How many dogs have ever gone to Folsom State Prison? My Hearing Dog, Mack, a friendly, 10-pound black Poodle, has, on numerous occasions.
I work in mental health, and one of our folks who opted for street drugs instead of psych drugs ended up in Folsom under the “three strikes” law. After undergoing a stringent investigative process, Mack and I are now listed as “approved visitors.” We go through the metal detector and show our picture IDs at various security points before being allowed inside. Once we’re there, Mack’s a big hit with all the personnel, and especially with the inmates. Each time we’ve been to Folsom, an inmate will come up and ask to pet him. Some tell me that it’s been 25 years since they’ve seen a dog.
With every disability, if one looks hard enough, something positive can be found. In my case, my hearing loss qualified me for a Hearing Dog from the San Francisco SPCA Hearing Dog Program (sadly, a program that has been discontinued). In this and similar programs, such as with Dogs for Better Lives, “career change” dogs are trained to help people with significant hearing loss. Mack (full name, Mackey) is trained to lick my face when the alarm goes off in the morning, and leads me to the phone or doorbell when they sound. (Unfortunately, the trainers forgot Mack’s snooze-alarm cue; when the buzzer goes off, that’s it. Lick, lick and lick —rise and shine, dear guardian!)
My life changed dramatically when Mack came into it. I went from being a rather isolated stay-at-home to someone for whom there aren’t enough hours in the day. Having him with me not only gives me a great sense of safety, it also alerts people to my hearing loss. This, in turn, encourages those around me to make certain allowances as I try to make out what’s being said.
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It’s absolutely amazing how a friendly dog can totally change the atmosphere. When we walk into a doctor’s office, for instance, people may be sitting quietly, caught up in their own problems. Mack, wearing his orange Hearing Dog jacket, enters and the whole scene changes. People begin to smile, ask questions about how Mack assists me and coax him to them. He happily visits each and every person in the waiting room, soliciting attention and appreciation. Suddenly, everyone is smiling and sharing stories of dogs they used to have. It’s truly remarkable. My primary-care doctor said she took me as a new patient because of Mack—she was kidding (I hope).
I am a very busy person, so Mack is a very busy dog, and during our 14 years together, we’ve sometimes gotten ourselves into some awkward situations. For example, a gentleman friend and I were having dinner in a dimly lit, dark-carpeted restaurant (remember, Mack is black). After ordering, I excused myself to wash my hands, and before leaving the table, poked my head underneath and told Mack, “I’ll be right back.”
A family sitting to our right saw me and overheard what I said. They gave me some very peculiar looks, but when I turned to them and said, “There’s a dog under the table,” they got up and moved to another booth. I suspected they didn’t want to sit near someone who was clearly delusional, but I couldn’t contain my laughter. My friend, however, was both incensed and embarrassed. That was the end of that relationship.
On a more positive note, during a flight to Bakersfield, Calif., Mack sat on the captain’s lap for 30 minutes. It was a small commuter plane, and, since it was a very hot day, the captain had the cockpit door ajar. Mack and I were sitting nearby, and when the captain noticed him, he invited Mack into the cockpit. There Mack sat, taking in the 180-degree view and very pleased with his promotion, only occasionally looking back to make sure I was still there.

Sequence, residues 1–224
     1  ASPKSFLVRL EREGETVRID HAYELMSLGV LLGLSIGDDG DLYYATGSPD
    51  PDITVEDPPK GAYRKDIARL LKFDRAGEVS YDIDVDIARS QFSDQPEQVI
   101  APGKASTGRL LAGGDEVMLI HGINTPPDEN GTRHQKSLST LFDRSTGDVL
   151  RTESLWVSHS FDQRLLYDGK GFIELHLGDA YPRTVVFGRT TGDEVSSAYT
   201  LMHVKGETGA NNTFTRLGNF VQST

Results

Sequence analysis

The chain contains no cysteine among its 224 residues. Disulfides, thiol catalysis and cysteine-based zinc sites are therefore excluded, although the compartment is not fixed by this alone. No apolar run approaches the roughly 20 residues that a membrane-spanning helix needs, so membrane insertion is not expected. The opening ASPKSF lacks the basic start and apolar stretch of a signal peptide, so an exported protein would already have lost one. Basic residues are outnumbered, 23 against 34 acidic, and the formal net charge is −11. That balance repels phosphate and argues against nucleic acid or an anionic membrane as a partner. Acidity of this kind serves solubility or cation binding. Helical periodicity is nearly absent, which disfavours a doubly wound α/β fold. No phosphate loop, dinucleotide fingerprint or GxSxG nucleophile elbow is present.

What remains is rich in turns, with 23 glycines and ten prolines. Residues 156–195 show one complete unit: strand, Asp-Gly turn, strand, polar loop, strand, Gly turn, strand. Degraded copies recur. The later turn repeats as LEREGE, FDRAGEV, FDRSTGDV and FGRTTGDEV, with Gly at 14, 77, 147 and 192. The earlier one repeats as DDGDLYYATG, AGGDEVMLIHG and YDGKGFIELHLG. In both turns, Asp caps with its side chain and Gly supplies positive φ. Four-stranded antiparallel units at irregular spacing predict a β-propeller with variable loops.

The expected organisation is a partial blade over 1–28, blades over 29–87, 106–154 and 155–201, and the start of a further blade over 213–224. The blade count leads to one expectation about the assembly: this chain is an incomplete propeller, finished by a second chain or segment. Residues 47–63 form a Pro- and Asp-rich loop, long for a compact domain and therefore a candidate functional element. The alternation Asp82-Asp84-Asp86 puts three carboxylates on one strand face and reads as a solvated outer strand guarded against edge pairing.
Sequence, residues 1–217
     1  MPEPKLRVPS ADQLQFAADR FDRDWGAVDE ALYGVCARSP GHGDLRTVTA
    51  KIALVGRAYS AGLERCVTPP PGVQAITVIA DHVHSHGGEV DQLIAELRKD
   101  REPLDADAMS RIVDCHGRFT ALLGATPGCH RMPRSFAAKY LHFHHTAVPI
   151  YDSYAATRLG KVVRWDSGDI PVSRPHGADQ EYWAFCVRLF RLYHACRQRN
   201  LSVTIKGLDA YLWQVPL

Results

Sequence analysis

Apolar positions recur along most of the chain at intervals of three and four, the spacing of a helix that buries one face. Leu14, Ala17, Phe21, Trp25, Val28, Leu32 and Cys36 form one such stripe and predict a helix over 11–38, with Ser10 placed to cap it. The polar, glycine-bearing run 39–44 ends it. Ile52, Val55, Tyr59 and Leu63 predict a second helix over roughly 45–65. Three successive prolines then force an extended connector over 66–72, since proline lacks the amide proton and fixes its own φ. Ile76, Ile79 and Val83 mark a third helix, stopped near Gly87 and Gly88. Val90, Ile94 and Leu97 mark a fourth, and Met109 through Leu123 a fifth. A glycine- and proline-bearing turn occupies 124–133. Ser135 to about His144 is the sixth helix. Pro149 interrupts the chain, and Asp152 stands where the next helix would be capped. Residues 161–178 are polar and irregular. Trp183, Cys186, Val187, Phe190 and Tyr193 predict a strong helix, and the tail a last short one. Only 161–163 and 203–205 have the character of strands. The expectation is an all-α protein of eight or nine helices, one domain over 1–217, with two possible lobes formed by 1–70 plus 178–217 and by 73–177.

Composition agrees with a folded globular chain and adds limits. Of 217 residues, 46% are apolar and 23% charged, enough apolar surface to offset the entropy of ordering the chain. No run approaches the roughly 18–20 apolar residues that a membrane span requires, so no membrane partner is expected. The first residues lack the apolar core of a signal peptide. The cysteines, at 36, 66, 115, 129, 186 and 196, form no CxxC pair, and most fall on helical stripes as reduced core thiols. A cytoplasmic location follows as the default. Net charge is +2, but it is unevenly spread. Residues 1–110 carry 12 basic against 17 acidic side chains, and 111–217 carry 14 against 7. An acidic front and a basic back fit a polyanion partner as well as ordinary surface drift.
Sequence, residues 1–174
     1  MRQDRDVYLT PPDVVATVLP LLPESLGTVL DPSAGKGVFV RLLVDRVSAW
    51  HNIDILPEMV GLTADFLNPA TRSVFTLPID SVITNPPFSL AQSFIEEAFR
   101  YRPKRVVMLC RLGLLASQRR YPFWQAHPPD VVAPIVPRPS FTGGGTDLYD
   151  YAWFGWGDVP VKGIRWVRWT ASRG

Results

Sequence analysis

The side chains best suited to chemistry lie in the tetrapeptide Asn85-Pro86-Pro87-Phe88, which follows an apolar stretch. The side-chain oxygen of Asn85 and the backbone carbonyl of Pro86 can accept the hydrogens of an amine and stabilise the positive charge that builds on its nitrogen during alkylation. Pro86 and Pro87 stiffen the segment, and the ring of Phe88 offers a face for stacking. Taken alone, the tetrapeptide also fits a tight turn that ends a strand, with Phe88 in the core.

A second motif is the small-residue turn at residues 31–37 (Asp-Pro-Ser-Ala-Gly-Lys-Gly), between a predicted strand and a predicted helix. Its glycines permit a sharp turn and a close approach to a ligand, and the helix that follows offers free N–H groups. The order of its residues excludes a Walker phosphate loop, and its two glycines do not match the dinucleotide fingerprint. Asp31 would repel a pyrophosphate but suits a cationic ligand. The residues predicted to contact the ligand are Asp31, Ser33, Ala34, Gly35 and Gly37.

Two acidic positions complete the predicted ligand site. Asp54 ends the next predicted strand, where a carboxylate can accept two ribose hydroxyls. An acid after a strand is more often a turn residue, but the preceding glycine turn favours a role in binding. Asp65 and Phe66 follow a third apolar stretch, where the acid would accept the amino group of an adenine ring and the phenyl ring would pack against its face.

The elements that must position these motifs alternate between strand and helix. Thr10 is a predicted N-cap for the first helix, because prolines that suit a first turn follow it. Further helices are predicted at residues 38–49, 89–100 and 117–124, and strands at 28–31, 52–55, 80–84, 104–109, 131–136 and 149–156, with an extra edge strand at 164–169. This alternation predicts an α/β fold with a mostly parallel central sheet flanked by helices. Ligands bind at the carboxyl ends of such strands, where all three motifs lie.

In a crowded elevator, a lady standing in front of me abruptly turned around and asked if there was something wrong. I said, “No, why do you ask?” She said she thought her leg had been licked. I was aghast, but then realized what had happened. Scarcely able to speak, I motioned towards the dark carpeting, and, of course, to Mack. Everyone except the woman involved chuckled, and all were smiling when they walked out of the elevator.
Yet another time, I neglected to tell the waitress that there was a dog under the table. As she came down the aisle with a large tray of food on her shoulder, Mack peeked out. The waitress exclaimed, “Oh, my god—a dog!!” Without going into the messy details, you can probably imagine where the plates of food ended up. (Since this episode, I’ve made sure the wait staff are alerted to Mack’s presence.)
Mack has been my hero, too. On one wintry night, he awakened me at 3:30 am, and I got up to search my apartment for signs of an intruder. As I flicked on the light in the kitchen, I saw a man’s foot come through the window I’d left open above the sink. I won’t tell you exactly what I said, but he left, and, of course, I called the police.
I wonder how long I will be able to have Mack with me. He’s at least 17, perhaps even older, and has lost most of his own hearing, and his eyesight is greatly diminished. We spend quality time together, and accept one another’s frailties. I hope I will be able to focus on the wonderful times we’ve shared and the pleasure we’ve both received from this awesome relationship.
It’s a tumultuous world, but there are many good people and wonderful programs that help make lives more meaningful and enjoyable. I am delighted that increasingly, dogs are not only assisting those with vision and hearing loss but also, those who suffer from loneliness and other difficult situations. For me and Mack, it’s been a real gift and a mutually good deal, and I thank the programs that made it possible.